Chicago's Saint Anthony Hospital on fighting for timely, transparent Medicaid payments

As president and CEO of a safety net hospital, not many things surprise me. Every day at Saint Anthony Hospital, we embrace the challenges that arise from caring for Chicago's most vulnerable populations. 

But even after 20 years in the healthcare industry, I can still be taken by surprise now and then. I've been astounded at the way the State of Illinois has allowed its managed care organizations to delay and refuse payments for Medicaid services, and to hide how they compute the payments they do make. I've worked in other industries, and I understand that billing and payment transparency issues can arise from time to time, but the MCOs take it to a whole new level. 

As a result of Illinois' shift to managed care from direct Medicaid payment by the state, our cash reserves dropped by 98% over four years as we were forced to deplete them to keep up with expenses. We did a precarious cashflow dance, barely able to pay our staff, while relying on our suppliers' patience and goodwill. Meanwhile, the for-profit MCOs earned billions from under a system by which the state pays the MCOs a fixed annual capitation per patient. The result is an incentive to delay and underpay providers to enhance MCO profits. 

An independent investigation by the Better Government Association confirmed widespread late payments and underpayments. The investigators also identified a disturbing pattern of senior state regulators moving to and from employment with the companies they are supposed to oversee. 

Late payments and lack of remittance transparency forced our hospital in 2020 to sue the Illinois Department of Healthcare and Family Services, the agency responsible for assuring that we are paid on time and with full disclosure. We had to sue because the MCOs hired by the state routinely disregarded federal law that require timely and transparent payment to Medicaid providers. Saint Anthony is still owed in excess of $20 million. 

Our legal battle hasn't been easy. Even establishing our right to sue has been a challenge. Our lawsuit was dismissed in 2021, a decision that was reversed by the appeals court in 2022 and reaffirmed in April of this year. The federal appeals court recognized that our hospital, like many other providers, "depends on full, timely Medicaid payments that keep its doors open and provide care to the patients." The ruling was monumental for us, for the many community-based safety net hospitals in the same position and for Medicaid patients who rely on our care.  

If any other billion-dollar state-regulated business made delayed and unexplained partial payments, you can bet the state would take action. 

But when it comes to large insurance companies managing Medicaid, the regulators have shown no interest in regulating. The state and MCOs have even told us that if we want to know how individual payments are computed, we should hire staff to reverse engineer the payments. That is ridiculous. I've never had the process of collecting money for work performed made this difficult by anyone, let alone by third parties supposedly working for the state to pay for medical care for the poor.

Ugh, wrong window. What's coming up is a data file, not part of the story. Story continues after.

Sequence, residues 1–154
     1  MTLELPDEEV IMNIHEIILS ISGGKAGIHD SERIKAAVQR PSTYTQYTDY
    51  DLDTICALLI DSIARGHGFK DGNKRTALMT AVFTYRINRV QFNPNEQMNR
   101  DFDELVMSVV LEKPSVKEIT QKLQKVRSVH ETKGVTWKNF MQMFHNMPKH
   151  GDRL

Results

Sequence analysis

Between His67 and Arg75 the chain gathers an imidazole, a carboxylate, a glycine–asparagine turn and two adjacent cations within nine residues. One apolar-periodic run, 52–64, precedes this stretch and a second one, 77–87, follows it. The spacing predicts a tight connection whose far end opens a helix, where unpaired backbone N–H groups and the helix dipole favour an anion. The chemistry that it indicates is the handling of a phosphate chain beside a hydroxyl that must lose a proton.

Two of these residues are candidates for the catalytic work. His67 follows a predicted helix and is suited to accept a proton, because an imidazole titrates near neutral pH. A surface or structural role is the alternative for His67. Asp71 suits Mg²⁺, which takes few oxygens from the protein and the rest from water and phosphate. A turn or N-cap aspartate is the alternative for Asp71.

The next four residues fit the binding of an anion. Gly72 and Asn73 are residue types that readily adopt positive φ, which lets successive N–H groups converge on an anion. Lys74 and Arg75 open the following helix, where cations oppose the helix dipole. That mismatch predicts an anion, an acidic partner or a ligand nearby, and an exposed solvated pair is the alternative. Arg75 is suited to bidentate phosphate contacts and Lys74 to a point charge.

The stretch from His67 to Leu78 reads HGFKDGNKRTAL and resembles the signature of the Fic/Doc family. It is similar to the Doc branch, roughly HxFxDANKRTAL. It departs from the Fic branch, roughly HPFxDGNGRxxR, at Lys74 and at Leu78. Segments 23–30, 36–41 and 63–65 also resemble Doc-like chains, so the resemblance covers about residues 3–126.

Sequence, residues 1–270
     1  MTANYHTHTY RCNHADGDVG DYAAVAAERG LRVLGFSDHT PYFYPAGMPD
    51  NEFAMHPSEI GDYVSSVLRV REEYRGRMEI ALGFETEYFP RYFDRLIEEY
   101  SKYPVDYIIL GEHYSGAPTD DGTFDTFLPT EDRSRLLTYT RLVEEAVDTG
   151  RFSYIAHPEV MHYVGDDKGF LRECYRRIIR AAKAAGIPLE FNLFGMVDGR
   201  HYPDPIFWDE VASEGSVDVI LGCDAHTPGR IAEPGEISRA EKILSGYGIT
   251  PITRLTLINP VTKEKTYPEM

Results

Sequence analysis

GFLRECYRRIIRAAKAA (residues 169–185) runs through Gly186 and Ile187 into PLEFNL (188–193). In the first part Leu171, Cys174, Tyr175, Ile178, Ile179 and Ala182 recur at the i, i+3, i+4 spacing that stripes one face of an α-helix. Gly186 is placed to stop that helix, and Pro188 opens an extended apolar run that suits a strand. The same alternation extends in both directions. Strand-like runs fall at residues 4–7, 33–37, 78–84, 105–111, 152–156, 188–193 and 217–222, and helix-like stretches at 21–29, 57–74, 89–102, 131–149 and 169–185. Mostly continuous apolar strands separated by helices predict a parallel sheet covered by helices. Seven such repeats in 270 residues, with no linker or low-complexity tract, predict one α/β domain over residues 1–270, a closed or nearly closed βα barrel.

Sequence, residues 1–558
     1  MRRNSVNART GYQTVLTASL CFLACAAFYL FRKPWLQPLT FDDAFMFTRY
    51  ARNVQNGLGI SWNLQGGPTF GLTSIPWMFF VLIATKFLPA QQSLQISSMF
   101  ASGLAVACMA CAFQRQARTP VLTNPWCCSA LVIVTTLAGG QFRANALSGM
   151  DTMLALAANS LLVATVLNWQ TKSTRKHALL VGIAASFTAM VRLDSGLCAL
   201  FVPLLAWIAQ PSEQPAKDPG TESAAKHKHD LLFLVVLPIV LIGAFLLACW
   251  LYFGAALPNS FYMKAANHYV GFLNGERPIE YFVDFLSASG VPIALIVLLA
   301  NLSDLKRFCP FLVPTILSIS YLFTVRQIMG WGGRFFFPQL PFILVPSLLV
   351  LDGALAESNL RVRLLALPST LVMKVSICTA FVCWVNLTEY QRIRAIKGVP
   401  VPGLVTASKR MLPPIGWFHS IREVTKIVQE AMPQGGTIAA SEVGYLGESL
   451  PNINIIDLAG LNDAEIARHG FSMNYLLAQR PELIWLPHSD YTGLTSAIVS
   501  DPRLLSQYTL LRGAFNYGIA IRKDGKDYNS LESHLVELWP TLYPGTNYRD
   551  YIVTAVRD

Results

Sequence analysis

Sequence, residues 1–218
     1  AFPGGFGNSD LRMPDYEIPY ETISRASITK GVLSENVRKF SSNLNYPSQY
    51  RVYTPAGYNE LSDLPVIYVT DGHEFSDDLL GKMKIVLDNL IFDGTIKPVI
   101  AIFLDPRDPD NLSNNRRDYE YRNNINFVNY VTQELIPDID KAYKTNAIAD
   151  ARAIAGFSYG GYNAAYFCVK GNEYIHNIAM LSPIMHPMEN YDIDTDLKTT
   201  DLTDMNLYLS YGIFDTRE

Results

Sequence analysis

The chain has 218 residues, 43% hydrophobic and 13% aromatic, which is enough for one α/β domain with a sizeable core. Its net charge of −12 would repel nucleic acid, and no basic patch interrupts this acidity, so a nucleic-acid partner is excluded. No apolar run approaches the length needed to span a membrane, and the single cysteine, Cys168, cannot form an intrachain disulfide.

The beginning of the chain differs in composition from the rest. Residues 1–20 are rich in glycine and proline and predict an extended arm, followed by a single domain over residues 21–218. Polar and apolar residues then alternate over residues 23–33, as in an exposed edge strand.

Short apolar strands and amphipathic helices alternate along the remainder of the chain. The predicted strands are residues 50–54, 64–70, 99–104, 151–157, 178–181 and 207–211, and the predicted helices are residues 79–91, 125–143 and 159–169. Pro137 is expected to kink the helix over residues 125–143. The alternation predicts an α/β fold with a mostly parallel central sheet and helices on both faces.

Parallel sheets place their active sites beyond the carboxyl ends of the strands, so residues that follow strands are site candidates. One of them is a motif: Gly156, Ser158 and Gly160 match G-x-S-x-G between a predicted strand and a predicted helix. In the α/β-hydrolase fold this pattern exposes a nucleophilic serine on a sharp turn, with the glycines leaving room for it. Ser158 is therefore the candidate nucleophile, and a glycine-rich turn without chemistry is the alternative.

The impact of these delayed payments is enormous, a death by a thousand cuts. We have had to put off purchases and repairs, using our maintenance funds to pay staff instead of repairing things like the elevator that recently stopped working. Due to the millions owed by the MCOs, we have to skimp on expenditures like that. Our hospital, built in 1898, is in need of critical repairs, and more importantly, we are in need of an updated hospital structure for the communities we serve. 

Saint Anthony is a globally minded community hospital, never turning anyone away for inability to pay. We are community-centric, engaging families on many levels to improve and sustain their well-being. I wish our state's Democratic Party, which controls Illinois government, shared the same mindset as us in delivering care to the state's most underserved population, but surprisingly they are supporting the multibillion-dollar for-profit insurance corporations. 

Despite our challenges, we are still developing new models for public care that lead to success for the community. And we are thinking beyond our own hospital, taking on the state on behalf of all safety net hospitals forced to bear the burden of their inaction. 

I am hopeful our lawsuit against the state can be resolved soon, putting us and others like us on a steady footing to focus on what we do best — taking care of needy patients who deserve high-quality care. But to do that, state regulators must insist on better performance by the MCOs — either voluntarily or as a result of a court order. 

Guy A. Medaglia is president and CEO of Saint Anthony Hospital in Chicago.

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